You know the dangers of oxidative stress; how free radicals can damage cells and lead to an assortment of health problems such as cancer and Alzheimer’s. You may also be aware that Glutathione is a powerful natural antioxidant and one of the most effective weapons against oxidative stress.
When you finally decide to start taking glutathione – and we recommend you begin as soon as possible – you might run into some confusion. You’ll discover there are several different forms of Glutathione from oral to Nano Glutathione and even IV drips.
Even worse, you might find conflicting information about the effectiveness of various forms and formulas of Glutathione, with different companies giving divergent narratives.
So we’ve put together a comprehensive list of the major types of Glutathione and information on the effectiveness of each. Before you start taking any Glutathione supplementation, read this.
Intravenous (IV) Glutathione is administered directly into the blood stream through the veins. The IV drip is set up and monitored by a trained medical specialist in a clinical setting. The length of treatment is around 30 minutes to 1 hour with immediate recovery. Usually, a course of 3 to 5 IV Glutathione treatments will be recommended by the doctor.
- Highly effective at boosting Glutathione levels in the body.
- Short treatment period with no recovery time necessary.
- Inconvenient. You have to go to a doctor’s office for the treatment.
- Expensive. It can cost several hundred dollars per visit.
Nano Sublingual Glutathione
Nano glutathione delivers the effectiveness of IV treatment with the convenience of at-home use. Instead of swallowing a capsule, this moderately priced form of Glutathione involves sublingual drops which are placed under the tongue.
Most of the dosage is delivered directly into the blood stream through the mucous membranes in your mouth. This is why its effectiveness is comparable to that of Glutathione IV drips.
- Effective at increasing Glutathione levels in the body.
- Convenient since you can take it at home.
- Pricier than traditional oral Glutathione (though significantly less expensive than IV Glutathione).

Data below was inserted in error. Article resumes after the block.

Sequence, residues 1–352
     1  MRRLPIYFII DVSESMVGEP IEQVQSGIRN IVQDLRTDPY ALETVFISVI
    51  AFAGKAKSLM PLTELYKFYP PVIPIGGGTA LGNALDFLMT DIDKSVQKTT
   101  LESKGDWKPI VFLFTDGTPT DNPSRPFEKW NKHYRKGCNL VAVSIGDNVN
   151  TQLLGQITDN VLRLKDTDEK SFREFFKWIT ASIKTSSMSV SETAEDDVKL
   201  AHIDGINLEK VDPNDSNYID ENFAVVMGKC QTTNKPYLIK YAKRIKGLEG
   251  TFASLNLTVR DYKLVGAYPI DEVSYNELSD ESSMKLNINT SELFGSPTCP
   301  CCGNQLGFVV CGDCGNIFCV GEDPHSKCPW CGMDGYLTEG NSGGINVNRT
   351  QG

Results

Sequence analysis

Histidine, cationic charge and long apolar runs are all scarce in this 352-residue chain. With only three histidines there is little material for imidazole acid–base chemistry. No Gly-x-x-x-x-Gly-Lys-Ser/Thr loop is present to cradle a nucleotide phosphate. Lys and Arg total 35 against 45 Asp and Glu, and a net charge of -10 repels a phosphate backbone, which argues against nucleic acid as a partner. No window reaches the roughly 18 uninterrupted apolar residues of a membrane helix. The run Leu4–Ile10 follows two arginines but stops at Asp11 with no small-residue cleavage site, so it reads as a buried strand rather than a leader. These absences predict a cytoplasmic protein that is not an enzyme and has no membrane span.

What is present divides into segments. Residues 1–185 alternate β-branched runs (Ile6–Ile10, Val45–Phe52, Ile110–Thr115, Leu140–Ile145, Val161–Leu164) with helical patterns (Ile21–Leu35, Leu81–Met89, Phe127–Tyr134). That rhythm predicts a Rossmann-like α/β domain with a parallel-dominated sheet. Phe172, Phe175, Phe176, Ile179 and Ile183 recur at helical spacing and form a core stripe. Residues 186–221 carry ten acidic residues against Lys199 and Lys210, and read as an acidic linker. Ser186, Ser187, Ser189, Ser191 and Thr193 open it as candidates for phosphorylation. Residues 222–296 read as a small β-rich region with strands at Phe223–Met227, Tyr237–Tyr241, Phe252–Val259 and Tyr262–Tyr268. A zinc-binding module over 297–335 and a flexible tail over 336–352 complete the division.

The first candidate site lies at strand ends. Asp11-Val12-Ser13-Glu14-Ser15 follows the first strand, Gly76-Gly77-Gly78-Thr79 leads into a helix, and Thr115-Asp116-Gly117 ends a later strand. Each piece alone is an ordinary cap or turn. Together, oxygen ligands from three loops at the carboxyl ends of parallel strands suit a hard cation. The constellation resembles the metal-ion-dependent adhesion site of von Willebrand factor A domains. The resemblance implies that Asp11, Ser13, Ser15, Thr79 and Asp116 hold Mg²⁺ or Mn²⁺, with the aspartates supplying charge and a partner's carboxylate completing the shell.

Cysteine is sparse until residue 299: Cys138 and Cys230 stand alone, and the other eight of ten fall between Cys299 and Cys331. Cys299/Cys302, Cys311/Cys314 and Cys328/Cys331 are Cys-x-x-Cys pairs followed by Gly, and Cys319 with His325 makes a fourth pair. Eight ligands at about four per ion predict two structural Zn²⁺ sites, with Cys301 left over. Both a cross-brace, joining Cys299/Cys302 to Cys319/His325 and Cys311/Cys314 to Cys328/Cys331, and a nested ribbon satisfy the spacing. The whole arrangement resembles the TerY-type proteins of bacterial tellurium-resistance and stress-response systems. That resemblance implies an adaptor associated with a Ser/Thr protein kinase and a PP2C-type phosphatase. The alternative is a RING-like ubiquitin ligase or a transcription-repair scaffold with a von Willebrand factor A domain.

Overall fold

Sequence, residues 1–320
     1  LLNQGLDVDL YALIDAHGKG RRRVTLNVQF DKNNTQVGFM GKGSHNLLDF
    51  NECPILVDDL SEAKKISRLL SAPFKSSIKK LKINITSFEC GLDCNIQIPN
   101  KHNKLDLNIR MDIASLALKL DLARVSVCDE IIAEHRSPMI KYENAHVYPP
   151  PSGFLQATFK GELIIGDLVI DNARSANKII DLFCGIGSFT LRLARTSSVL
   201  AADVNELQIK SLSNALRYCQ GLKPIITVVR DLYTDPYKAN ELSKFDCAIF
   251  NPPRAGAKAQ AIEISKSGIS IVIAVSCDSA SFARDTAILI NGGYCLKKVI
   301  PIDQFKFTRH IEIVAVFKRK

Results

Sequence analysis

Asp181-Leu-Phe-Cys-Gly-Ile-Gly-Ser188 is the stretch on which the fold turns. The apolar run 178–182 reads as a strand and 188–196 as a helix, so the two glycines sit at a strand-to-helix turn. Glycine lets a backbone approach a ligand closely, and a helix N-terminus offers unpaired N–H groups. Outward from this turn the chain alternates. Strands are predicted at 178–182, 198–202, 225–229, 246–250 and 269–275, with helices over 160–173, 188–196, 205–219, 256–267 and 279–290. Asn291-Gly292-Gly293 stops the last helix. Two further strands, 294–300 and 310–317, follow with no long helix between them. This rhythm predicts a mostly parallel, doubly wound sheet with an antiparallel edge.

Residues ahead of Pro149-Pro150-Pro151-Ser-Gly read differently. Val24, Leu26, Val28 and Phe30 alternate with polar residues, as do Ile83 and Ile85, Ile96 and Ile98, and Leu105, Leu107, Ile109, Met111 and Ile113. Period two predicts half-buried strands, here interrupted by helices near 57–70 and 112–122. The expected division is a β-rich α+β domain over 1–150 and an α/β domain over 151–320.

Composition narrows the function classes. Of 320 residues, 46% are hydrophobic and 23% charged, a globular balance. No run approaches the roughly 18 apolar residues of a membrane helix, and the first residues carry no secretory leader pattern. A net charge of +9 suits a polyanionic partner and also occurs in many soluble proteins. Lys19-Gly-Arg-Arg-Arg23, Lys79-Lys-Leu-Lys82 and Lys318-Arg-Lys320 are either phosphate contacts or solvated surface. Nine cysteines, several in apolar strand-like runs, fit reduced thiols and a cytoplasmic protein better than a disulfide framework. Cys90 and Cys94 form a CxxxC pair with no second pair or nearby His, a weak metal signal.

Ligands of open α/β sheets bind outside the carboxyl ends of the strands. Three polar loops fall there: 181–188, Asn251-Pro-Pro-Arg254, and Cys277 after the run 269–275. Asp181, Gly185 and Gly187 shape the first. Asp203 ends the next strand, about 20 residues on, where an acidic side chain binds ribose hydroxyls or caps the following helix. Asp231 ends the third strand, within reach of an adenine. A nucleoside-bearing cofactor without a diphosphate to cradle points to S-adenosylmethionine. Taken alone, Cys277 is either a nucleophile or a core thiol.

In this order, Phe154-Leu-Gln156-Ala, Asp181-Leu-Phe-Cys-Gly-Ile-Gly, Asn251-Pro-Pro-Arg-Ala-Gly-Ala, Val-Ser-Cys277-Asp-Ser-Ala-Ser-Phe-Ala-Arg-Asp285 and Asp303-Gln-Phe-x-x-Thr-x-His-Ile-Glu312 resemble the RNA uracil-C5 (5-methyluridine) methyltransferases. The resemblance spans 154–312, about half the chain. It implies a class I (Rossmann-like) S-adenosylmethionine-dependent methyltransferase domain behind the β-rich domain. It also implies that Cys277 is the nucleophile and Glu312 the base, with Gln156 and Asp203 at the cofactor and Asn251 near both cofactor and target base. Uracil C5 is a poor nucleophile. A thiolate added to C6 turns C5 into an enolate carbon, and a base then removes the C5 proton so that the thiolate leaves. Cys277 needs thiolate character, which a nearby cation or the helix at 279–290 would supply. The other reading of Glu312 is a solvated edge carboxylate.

Traditional Oral Glutathione
Oral Glutathione supplements are one of the most popular and oldest ways to increase levels of Glutathione in the body. They come in capsule, tablet or liquid form.
But traditional oral Glutathione supplements are rapidly falling out of favor as new research uncovers their ineffectiveness. Because they have to pass through the digestive tract, very little of the original dosage survives the acidic stomach environment. What’s left is not enough to significantly increase the amount of intercellular glutathione. Thus no benefits are conferred by these supplements.
- Can be bought over the counter and taken at home.
- Ineffective in increasing Glutathione levels.
Oral Liposomal Glutathione
To counter the disadvantages of traditional oral Glutathione supplements, researchers have come up with a new and better form of oral Glutathione. It is called Liposomal Glutathione.
Though usually taken orally, liposomal Glutathione is able to survive the journey through the gastrointestinal system and safely reach target cells.
How does it do this?
It’s all in how the dosage is transported. To design an effective transportation mechanism, experts borrowed from how substances in the body are transported. The body uses vesicles – a special sac with a fluid in it and surrounded by a fat layer – to transport materials to and from cells. The outer membrane of the vesicle is similar to a cell membrane, making it easy for the two to fuse. The vesicle is able to easily transfer its contents into the cell.
Artificial vesicles, called liposomes, work the same way. Glutathione is carried inside these tiny sacs with a lipid layer on top for protection. They also have a membrane similar to that of a cell. Thus, Liposomal Glutathione can reach target cells while still largely intact unlike traditional oral Glutathione.
- More effective than traditional oral supplements.
- Moderately priced.
- Can be taken at home.
- Not as effective as IV Glutathione or Nano Glutathione.
- More expensive than traditional oral Glutathione.
- Only moderately effective raising they body’s Glutathione levels.
- Have a very short shelf life due to the Lipid layer
Acetylation is a common process in medicine. It involves the addition of an acetyl group into a chemical compound. In fact, both aspirin and heroin contain acetyl. When added to oral glutathione, acetyl makes it more stable. The supplement can therefore pass through the digestive tract without undergoing the same severe degradation that traditional oral glutathione does.
Research is still ongoing on the effectiveness of Acetyl Glutathione but early studies and anecdotal evidence shows a slight increase in Glutathione levels after taking it.
As with Liposomal Glutathione, Acetyl Glutathione was developed to provide a more effective way to orally take Glutathione supplements.
- Moderately effective.
- Easy and convenient at-home use.
- More expensive than most other oral supplements mostly because of the complex production process.
- Production process requires toxic chemicals that are not natural.
Remember in order to minimize free radical production that a diet rich in fresh fruits and vegetables has been shown to be beneficial. Exercise and rest also can be beneficial. Additionally, you may consider supplementing with glutathione and to ensure optimal levels, we recommend using Nano Glutathione. Click the link below for a special discount plus free bottle offer.
Glutathione has been shown to provide health benefits and be supportive in relation to a large number of conditions. In order to maintain optimal glutathione levels, consider supplementing with Nano Glutathione.